Looking Ahead: Hard Lessons from Russia’s War in Ukraine 

We appear to be months short of a satisfactory peace settlement in Ukraine. And it is too early to be definite about everything. Yet it is worth mulling over what lessons to draw for the long term from this sorry episode in international relations.

           First, everyone without direct access to satellite intelligence and lengthy experience analysing it was clearly caught by surprise. How does one tell routine manoeuvres from mobilisation for war? The United States Government warned everyone well ahead of time that Russia would attack Ukraine evidently after identifying extensive logistical back-up – food supplies and medical support – that should otherwise not have been present merely for manoeuvres. But the Americans could not offer a precise date and the dates offered were guesses. Absent human intelligence sources, the Americans were left in the dark. Human intelligence is still vital to vigilance.

          Second, the American intelligence assessment left open the possibility that mobilisation was merely a dramatic preliminary to forcing negotiated concessions from Ukraine. This assumed a mindset on the part of Vladimir Putin that can be summed up as “westsplaining”. It would, in short, be the “rational” thing to do given our way of thinking.

          Third, it would appear that Putin made the final decision to go in without fully consultating his expert subordinates: at the Foreign Ministry, the SVR, the National Bank and Finance Ministry, to name the most important few. This guaranteed the element of final surprise, but it also meant that he was not adequately forewarned of the consequences of failure and the international blow-back even delayed success would produce.

        Fourth, the intended Blitzkrieg fulfilled former prime minister Viktor Chernomyrdin’s Russian curse: “we hoped for the best, but things turned out as they normally do.” The performance of Russia’s army was lamentable. Long distance artillery bombardment – Stalin’s favourite weapon of war – alone proved itself; yet that was insufficient to ensure victory. Thus what should have been war and the reactions to it gamed in advance of the invasion has had to be hurriedly prepped while fighting is in progress.


       These are probably the few points that can easily win a consensus. But there are suggestions which can be made that should alter the way we think about and practise international relations. And here we will inevitably rub against the stubborn power of vested interests:

         First, at no future point should we assume that those we have to deal with are anything like ourselves. This applies to allies as well, but certainly to potential enemies. Never assume a commitment to the same set of values as your own. We need to be able to assess objectively and in advance how enemies and allies will react to new circumstances without wishing for the best of all possible worlds.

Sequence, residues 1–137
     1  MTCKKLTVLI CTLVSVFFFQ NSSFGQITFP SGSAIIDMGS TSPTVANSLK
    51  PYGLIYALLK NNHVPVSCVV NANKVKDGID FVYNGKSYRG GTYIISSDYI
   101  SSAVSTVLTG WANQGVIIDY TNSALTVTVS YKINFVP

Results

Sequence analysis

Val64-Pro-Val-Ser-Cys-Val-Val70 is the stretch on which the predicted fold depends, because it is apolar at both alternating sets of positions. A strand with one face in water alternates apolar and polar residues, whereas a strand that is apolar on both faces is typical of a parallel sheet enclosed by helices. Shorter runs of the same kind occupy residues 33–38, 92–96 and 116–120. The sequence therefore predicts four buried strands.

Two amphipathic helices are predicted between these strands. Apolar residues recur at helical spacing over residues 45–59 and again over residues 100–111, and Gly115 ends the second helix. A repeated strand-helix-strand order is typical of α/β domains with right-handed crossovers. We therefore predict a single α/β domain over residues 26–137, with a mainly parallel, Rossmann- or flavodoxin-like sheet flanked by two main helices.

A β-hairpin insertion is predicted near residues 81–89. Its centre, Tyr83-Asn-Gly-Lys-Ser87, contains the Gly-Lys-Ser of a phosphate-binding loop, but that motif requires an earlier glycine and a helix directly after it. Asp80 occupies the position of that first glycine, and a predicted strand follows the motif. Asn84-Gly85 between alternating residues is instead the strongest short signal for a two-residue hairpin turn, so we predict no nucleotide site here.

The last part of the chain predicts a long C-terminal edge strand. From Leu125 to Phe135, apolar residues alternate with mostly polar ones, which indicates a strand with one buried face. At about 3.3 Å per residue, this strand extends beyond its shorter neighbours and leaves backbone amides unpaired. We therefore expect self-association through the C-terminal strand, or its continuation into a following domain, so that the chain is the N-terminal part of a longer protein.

Second, no state is so powerful that it can afford to alienate other states because that régime fails to observe our moral standards. Biden’s abuse of the ruling Prince of Saudi Arabia has cost the United States ready access to alternative sources of oil. This is in itself a spin-off from another piece of advice.

        And this applies most obviously to Germany – doubling its dependence on Russia for energy supplies during Merkel’s chancellorship – but also to Biden’s ill-considered knee-jerk rejection of Trump’s drive for self-sufficiency in oil and gas. The failure to secure autonomy in energy sources will cost you when you face war, particularly if you intend using economic sanctions against the adversary. This leads to another corollary.

        If the states you have to cope with value military power highly, and the Russians certainly made no secret of it over the past decade, follow sage Roman advice: in order to secure the peace you have to prepare for war; not cut defence budgets.

       Fifth, and this is related and looks back to the distant origins of Putin’s war and his motivations. Reversing Theodore Roosevelt’s dictum – to walk softly but carry a bit stick – by crowing loudly about democratising the rest of the world but not backing that up with overwhelming power will lead to wars like this one. The post Cold War doctrine of régime change to match American values is a red flag to a bull. So don’t enter the arena without preparation. The stampede out of Afghanistan certainly did not win international respect.

      Lastly, don’t elect into office naive but incompetent people.